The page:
Traveling Art

Fifteen years ago, Bll Barrell came up with an idea for an art exhibition that traveled in a suitcase…..

Art in a Suitcase by Dominic Capobianco
by Dominic Capobianco

…. I had a gallery in Jersey City, New Jersey by the name of the Shoestring Gallery.  When it came time for a show to travel, it could be very problematic. Shipping was a big problem. I thought I could solve the problem by inviting artists to find a suitcase of medium size and asking them to construct an artwork that would either stay in the suitcase or come out of the suitcase onto the wall or floor. I mentioned this idea to a good friend, Ron Morosan, who I thought would like to be in the show and perhaps partner in it. He thought it was a great idea and knew of a few galleries we could approach.

The idea was to make it easy to transport. I wrote up the idea and sent out invitations to an assortment of artists. Most responded right away. I stipulated that the artists not make the work too heavy. They were to make it uncomplicated to install, include instructions and whatever they do, do not make it look like a bomb! The suitcases would be loaded onto planes.

We we had the show in Provincetown, one artist we invited from that region did exactly that, a bomb in a suitcase. I told him it was ok for the current exhibition but it could not travel to the next show in London. He was upset – said it was just art. I said,”would you like to go through Heathrow Airport with an object like this?” He didn’t get it. The suitcase did not go to London.

There were many works that I loved in the show.  There was a hat box that when opened had a hat on a coil. One could take the hat and run it twenty feet and hang it from a ceiling. It looked as if it had jumped out of the box.

But the one that intrigued me the most was a piece by Dominic Capobianco, a truly inspired artist. I have posted his piece here on my blog. It is an ingenious work. It is totally the artist capturing himself in a suitcase. The ideal situation for him. He could travel the world as a hobo in a suitcase. All of his symbols are present. When one lifts the lid off the suitcase it lifts a redand blue ladder that is attached to it, making it easier for the artist himself to climb out or for the viewer to descend into his life, his studio, his fertile mind.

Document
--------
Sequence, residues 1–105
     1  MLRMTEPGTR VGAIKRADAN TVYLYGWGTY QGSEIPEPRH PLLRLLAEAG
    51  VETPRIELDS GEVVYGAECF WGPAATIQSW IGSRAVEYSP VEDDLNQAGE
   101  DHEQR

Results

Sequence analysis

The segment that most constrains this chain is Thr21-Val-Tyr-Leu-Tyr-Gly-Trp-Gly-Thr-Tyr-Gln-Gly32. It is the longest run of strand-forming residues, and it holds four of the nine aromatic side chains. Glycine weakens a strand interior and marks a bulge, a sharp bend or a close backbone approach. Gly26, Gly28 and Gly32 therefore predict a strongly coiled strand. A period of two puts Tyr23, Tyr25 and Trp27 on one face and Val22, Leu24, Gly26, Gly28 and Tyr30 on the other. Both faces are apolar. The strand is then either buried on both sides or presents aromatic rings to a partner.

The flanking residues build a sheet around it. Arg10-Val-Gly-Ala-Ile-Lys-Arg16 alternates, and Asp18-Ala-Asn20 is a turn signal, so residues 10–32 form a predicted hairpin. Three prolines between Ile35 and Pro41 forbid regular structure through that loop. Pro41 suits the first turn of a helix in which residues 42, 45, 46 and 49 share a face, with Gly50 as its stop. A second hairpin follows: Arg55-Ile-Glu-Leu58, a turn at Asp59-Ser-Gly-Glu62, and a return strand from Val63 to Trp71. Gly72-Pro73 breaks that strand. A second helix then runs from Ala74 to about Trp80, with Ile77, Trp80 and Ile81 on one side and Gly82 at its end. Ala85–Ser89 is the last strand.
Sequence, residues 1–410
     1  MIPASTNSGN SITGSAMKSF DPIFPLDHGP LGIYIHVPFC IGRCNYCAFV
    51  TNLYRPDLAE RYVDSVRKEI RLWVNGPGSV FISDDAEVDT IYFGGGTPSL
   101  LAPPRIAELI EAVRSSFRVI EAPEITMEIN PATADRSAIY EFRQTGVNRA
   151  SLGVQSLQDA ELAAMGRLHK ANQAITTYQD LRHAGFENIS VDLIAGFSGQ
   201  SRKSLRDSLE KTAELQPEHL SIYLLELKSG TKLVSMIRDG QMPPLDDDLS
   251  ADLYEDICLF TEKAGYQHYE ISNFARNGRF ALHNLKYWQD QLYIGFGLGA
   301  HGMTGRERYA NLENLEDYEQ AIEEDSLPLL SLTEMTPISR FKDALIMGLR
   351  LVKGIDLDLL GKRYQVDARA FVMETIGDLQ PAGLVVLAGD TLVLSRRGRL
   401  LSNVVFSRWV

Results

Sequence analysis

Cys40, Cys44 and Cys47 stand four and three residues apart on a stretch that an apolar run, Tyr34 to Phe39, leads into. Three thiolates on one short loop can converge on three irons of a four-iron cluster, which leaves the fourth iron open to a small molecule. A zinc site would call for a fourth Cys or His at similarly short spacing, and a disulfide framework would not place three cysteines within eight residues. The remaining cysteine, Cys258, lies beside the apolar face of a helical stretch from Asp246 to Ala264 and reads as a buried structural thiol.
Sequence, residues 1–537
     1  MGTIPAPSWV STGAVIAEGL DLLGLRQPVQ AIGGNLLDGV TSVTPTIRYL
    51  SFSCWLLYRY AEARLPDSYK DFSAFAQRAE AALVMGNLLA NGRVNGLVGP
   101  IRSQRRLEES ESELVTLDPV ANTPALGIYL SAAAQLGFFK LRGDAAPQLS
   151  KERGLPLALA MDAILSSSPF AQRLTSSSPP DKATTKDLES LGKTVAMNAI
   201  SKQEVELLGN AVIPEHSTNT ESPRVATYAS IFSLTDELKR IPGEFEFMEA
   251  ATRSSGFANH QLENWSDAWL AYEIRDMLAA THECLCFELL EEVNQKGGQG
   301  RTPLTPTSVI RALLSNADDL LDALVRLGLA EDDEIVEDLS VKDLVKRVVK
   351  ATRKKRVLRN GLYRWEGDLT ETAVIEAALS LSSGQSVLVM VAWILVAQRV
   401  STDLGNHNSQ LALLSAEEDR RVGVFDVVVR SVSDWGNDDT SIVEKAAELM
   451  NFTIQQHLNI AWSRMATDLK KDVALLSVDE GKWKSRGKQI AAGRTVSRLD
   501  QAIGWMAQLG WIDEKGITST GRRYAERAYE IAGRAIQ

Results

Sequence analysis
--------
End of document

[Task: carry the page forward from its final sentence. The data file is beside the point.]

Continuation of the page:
There is the bowler hat and a pair of worn work gloves lying gently on top, a reproduction of a nude by the great Henry Matisse reclining on her side with nude drawings etched into the paint below, a skull sporting a red nose, a fried egg sunnyside up, a clock face buckled and bent telling us that Einstein was right about time being bent, a hand crafted band aid, unused, ready for an emergency, a game of tic-tac-toe in progress. A handful of dice are spread across the floor of the suitcase, is it a winning roll? An ancient looking key that opens doors to places never seen before. It is a beautifully painted piece over all with soothing pinks and impossible to imitate blues. A red rose is woven into the lid lending a feeling of love and warmth.

Dominic, who is from the midwest and is a product of the Depression, must have seen hobos and tramps moving across the country riding the rails and looking for handouts. Hobos had a system for marking houses that were either generous or measly people. Jackson Pollock and Franz Kline came out of that era also, an era that brought American artists to the forefront of the international art world. Capobianco brings that era back to us with a wry sense of humor and a great deal of panache. Go to his website, Check out a painting “The Poets House”. You want to get to that house you are going to have to work at it, working your way through a world of beautiful obstacles and mysterious places.

On this suitcase is the word “Game”. Maybe life is one big game of winning and losing all turning on the roll of the dice.

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